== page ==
Monday, April 9, 2012

A Delightful ‘Deconstruction of a Drag Queen’

By Paola Hornbuckle

Michael (Shaun Tuazon) dressing up in his sister's clothes

Circle Circle Dot Dot Theatre Company really has a winner with Katherine Harroff’s Deconstruction of a Drag Queen. The play presents the life of Michael (Shaun Tuazon) as he transforms from scared young boy afraid of his mother and hiding his desire to dress in his sister’s clothes and put on make-up, to teenager keeping his sexuality hidden and locked away, to conflicted pre-med student, to dance major and full-blown drag queen. Along the way a fantastic cast of five actors/dancers perform a multitude of roles, at times talking, at times singing and dancing, at times real, and at times in his imagination. The men and one woman are dressed in drag (except for Michael until his transformation into Sunny Peaks) throughout the performance, bringing a surrealistic and deliciously sexy tone to the entire production. Continuously funny, packed with fun and touching musical numbers, but still doing justice to the seriousness of Michael’s journey, the play was extremely humane in its interpretation, and ultimately upbeat and positive in its message: to accept and embrace yourself how God made you, and if your family will not accept you, to create a family from your peers. I absolutely adored this play. It never dragged, the scenes were short and sweet, as were the musical numbers which always left you wanting for more, the transitions were completely smooth and the set was minimal. Its fresh, funny, realistic, fantastical, and very human. There is also something so exciting, hilarious and enticing about seeing performers in drag who know what they are doing because of their combination of sexuality and tongue-in-cheekness.

L to R: Sunny Peaks (Shaun Tuazon), Tessa Tickles (Justin Warren Martin), Utopia Pleneesha (Kevane La'Marr Coleman)

It was a visual and sensual delight. I enjoyed how the use of music was so well-integrated into the scenes.  Every performer did a wonderful job and was wonderfully cast. I really enjoyed Shaun Tuazon’s performance, this is the third time I have watched him on stage and he always does a fantastic ingénue. His sweetness, vulnerability, confusion and barely repressed excitement when dancing was perfect for his role as Michael and he really shone in his dance numbers as Sunny Peaks. Julio Jacobo was epic in his portrayal of the chastising Mamma and the accepting mentor Duchess Hunny Mustard, as well as dance teacher Sylvia. His presence, poker face, and deep voice commanded any scene in which he participated and we saw his power to influence for ill as Mamma and for good as the club owner of Stilettos. He also had some of the most powerful lines in the play regarding self-acceptance and our duty to take care of others. “Take that passion and turn that lifestyle into a way of life,” said Hunny Mustard regarding dancing in drag to Michael. “She needs a family not some jealous bitches,” to the other dancers regarding Sunny Peaks, “With love and guidance everyone can be a star. So love your babies. If your son wants to wear a dress let him. If your daughter wants to shave her head, let her.”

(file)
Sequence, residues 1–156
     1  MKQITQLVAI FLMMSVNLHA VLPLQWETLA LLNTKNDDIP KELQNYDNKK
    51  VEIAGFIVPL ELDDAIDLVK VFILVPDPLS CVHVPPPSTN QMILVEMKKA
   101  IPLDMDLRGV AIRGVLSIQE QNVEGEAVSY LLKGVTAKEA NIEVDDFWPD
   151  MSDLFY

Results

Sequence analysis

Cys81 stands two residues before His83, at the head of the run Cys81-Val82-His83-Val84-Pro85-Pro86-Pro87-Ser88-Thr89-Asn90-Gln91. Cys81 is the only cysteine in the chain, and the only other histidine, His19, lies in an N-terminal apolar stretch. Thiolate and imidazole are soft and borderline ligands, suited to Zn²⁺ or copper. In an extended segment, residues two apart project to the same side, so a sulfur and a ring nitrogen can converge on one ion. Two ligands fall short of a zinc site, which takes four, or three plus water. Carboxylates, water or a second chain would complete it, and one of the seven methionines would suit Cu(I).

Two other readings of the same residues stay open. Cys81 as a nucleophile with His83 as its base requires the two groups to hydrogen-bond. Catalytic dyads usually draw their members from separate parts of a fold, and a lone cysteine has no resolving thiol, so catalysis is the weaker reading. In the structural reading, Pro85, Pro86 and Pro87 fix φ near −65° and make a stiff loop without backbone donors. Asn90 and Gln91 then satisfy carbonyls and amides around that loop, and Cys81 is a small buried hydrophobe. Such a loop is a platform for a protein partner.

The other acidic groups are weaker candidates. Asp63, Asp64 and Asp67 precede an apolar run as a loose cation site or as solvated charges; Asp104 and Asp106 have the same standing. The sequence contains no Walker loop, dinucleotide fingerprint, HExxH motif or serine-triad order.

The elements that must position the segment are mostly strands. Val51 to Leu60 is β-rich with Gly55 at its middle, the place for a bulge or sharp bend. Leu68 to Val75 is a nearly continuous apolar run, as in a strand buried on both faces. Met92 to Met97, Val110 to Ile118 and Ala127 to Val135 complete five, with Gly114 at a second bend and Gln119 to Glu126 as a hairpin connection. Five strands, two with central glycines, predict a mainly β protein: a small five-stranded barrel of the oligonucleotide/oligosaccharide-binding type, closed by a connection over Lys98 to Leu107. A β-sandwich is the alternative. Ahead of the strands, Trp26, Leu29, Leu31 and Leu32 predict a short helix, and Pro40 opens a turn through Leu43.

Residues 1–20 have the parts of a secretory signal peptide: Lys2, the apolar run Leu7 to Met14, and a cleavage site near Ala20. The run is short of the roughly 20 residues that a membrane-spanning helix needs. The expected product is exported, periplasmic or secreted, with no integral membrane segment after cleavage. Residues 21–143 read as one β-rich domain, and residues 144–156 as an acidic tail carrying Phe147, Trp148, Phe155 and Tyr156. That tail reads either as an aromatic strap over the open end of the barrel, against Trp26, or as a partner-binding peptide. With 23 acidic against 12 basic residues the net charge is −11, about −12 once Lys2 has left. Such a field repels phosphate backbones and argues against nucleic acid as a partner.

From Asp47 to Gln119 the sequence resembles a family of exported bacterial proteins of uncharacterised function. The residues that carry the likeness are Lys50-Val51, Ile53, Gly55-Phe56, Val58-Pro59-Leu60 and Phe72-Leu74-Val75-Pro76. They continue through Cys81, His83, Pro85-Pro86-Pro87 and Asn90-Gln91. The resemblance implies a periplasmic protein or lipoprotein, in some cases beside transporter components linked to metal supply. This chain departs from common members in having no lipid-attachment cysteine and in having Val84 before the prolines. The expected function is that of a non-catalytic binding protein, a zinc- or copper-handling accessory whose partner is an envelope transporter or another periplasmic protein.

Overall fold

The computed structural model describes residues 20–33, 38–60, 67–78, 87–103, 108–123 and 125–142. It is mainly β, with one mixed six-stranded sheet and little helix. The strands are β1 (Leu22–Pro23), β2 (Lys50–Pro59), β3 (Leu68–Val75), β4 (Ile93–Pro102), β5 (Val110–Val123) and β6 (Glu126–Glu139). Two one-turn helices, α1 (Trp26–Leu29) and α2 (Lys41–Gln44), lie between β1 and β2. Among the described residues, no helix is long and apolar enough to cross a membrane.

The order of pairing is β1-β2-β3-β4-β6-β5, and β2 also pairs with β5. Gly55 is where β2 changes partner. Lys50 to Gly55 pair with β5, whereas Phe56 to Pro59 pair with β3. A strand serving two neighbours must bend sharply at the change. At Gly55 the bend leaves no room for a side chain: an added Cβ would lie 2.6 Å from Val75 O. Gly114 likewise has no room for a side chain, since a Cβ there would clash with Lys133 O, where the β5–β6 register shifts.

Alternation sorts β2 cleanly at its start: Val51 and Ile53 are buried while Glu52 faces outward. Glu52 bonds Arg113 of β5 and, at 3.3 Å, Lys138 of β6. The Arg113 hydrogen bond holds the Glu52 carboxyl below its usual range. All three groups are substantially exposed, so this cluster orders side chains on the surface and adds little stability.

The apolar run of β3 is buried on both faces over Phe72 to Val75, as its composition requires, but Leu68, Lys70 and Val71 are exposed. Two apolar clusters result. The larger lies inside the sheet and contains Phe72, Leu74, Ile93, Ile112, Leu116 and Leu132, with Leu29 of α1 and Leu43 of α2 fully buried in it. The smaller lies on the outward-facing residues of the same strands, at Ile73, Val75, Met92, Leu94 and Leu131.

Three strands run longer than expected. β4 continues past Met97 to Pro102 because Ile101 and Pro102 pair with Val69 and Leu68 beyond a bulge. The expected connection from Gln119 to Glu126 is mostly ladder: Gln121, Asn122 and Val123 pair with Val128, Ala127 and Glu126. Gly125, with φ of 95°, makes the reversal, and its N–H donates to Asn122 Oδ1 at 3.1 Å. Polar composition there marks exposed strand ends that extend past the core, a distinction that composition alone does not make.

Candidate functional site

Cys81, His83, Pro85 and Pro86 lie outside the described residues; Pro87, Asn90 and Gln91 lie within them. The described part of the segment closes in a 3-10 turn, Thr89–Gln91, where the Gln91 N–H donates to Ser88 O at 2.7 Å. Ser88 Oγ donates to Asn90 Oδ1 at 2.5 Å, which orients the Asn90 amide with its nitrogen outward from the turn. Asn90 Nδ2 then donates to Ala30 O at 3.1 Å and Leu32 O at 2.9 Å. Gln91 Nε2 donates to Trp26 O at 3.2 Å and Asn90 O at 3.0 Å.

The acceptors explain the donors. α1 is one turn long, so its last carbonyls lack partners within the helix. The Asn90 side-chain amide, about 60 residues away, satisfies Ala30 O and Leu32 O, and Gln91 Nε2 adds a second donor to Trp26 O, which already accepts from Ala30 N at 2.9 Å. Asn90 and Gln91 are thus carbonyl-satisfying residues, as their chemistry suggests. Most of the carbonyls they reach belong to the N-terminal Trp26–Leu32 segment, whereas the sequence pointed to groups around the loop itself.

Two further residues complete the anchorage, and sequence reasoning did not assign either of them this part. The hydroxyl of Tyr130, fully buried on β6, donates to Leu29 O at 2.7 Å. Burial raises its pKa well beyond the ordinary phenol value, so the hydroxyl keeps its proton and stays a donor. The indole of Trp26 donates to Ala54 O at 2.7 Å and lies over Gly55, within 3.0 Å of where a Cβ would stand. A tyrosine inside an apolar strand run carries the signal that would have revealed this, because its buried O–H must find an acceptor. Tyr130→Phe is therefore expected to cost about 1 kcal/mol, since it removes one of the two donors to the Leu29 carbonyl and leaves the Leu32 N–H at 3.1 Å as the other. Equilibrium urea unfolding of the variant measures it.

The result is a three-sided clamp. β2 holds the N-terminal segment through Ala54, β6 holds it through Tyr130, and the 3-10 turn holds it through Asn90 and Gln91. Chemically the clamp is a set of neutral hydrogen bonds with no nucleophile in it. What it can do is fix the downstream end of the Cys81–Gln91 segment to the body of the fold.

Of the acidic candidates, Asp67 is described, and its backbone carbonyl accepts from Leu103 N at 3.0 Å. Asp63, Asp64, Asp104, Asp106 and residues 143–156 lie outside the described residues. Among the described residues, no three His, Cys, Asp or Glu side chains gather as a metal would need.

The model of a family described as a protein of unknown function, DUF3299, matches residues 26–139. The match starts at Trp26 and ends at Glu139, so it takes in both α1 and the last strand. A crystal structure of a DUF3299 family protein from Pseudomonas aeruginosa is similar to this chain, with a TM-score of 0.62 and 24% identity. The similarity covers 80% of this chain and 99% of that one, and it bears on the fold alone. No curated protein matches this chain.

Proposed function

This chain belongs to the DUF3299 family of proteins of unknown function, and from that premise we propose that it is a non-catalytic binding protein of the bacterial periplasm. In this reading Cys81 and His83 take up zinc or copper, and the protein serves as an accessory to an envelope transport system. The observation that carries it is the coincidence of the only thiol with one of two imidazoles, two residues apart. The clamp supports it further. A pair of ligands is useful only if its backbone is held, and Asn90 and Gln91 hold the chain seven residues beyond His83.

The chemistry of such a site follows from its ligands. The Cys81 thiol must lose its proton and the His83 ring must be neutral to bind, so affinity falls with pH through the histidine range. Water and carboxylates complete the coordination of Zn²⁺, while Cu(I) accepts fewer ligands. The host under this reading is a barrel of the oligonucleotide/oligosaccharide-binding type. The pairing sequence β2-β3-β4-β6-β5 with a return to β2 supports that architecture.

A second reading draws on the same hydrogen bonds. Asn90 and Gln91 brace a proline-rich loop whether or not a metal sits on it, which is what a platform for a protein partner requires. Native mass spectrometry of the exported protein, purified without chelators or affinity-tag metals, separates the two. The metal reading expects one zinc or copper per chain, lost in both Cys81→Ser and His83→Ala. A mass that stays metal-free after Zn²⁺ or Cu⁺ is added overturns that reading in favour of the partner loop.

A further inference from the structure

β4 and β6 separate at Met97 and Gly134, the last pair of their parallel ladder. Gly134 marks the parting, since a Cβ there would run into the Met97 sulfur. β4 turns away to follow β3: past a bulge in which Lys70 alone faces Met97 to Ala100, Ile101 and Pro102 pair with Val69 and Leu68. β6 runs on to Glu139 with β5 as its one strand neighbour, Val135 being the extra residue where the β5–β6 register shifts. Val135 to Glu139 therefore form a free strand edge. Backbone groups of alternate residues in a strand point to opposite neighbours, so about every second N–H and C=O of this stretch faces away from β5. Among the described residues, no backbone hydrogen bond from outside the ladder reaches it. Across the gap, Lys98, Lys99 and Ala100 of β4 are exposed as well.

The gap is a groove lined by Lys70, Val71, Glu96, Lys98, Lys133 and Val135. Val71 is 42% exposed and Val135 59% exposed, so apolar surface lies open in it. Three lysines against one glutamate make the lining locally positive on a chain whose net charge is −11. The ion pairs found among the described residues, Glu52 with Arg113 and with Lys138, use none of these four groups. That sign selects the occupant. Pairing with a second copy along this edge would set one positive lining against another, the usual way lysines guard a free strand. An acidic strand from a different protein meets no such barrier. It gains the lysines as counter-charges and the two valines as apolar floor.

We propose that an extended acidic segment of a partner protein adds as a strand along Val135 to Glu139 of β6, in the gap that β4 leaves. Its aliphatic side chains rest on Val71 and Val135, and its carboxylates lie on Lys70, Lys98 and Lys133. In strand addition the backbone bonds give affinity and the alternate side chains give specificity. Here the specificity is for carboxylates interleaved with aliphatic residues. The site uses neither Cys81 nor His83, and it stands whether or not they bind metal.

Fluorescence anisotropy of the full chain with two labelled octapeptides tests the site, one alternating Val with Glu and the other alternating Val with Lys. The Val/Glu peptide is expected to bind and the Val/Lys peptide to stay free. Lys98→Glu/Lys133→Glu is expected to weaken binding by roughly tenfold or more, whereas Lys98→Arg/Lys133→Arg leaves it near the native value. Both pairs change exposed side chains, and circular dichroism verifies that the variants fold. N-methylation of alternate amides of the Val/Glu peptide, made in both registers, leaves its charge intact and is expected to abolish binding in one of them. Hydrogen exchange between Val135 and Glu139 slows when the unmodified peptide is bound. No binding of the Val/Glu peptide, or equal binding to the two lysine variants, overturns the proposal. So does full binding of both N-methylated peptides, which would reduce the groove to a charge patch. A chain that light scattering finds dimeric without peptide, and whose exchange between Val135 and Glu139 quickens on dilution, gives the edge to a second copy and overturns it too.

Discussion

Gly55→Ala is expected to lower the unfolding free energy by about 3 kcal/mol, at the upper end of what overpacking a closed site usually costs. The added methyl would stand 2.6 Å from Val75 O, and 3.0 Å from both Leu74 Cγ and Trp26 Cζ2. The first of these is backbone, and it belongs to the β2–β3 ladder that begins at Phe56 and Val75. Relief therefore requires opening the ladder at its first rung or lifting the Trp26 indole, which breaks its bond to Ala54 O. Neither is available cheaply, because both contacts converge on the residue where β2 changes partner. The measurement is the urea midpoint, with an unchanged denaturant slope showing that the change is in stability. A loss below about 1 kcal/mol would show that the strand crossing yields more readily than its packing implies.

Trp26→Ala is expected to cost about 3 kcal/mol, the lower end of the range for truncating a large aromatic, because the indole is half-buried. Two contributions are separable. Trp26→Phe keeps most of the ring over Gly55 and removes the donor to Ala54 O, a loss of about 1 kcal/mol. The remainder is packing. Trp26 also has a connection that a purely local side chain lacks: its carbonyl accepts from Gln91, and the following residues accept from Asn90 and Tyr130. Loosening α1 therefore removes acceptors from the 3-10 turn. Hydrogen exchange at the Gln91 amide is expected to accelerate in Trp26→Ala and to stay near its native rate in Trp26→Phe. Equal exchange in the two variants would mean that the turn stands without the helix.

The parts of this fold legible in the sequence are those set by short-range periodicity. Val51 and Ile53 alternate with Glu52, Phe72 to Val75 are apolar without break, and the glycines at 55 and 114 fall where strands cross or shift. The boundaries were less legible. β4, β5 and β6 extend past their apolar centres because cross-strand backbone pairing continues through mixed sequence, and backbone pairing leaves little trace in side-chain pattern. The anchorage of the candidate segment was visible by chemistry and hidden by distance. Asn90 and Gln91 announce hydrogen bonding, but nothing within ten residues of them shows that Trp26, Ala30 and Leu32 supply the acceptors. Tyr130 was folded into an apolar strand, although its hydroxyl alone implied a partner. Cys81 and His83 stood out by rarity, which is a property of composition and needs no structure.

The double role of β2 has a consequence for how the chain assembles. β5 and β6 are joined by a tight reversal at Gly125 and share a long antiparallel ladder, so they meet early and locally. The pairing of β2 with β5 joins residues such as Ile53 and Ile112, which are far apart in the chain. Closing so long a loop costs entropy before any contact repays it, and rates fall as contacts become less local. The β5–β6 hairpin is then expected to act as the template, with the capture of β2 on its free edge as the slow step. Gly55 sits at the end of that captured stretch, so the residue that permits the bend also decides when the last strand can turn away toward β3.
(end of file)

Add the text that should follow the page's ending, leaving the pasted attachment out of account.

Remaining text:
Drunk Tijuana Performer (Kevane La'Marr Coleman)

Kavane La’Marr Coleman was hilarious as jealous Utopia Pleneesha, dance mayor Sasha (beautiful and delicate dance number) and a drunk Tijuana Performer. Her Tina Turner number was outstanding. Michael’s visit to Tijuana was exceptionally funny with the “Gasolina” music playing in the background. James Darvas as Ivanna Lakes was touching as Sissy, the sister who protects Michael, and Cynthia, the jealous junkie performer. She also played as Cynthia and Lula, Hunny’s mentor when she was young, and did a wonderful job. Justin Warren Martin as Tessa Tickles, the sympathetic dancer kind to Michael was another perfectly performing piece of this ensemble. I really liked her as Serina, the school girl who taught Michael to dance, and the T.J. Performer in the cage, as well as Tessa. Melissa Coleman-Reed was the only Drag King, and played all the male roles with relish. The gay Jake who first kisses Michael as a kid, Paul who entices Michael to go to TJ, Tommy, and Duke D’lux the swaggering dancer with sex appeal and great dance moves at Stilettos.

Written and directed by the very talented Katherine Harroff, choreographed by Anne Gehman and Anthony Diaz, sound design by Matt Lescault-Wood, lighting by Areta Mackelvie, costume design by Soroya Rowley and set design by Patrick KellyDeconstruction of a Drag Queen is well worth your time. For tickets and information go to It is played at the Tenth Ave Theatre until April 21st.

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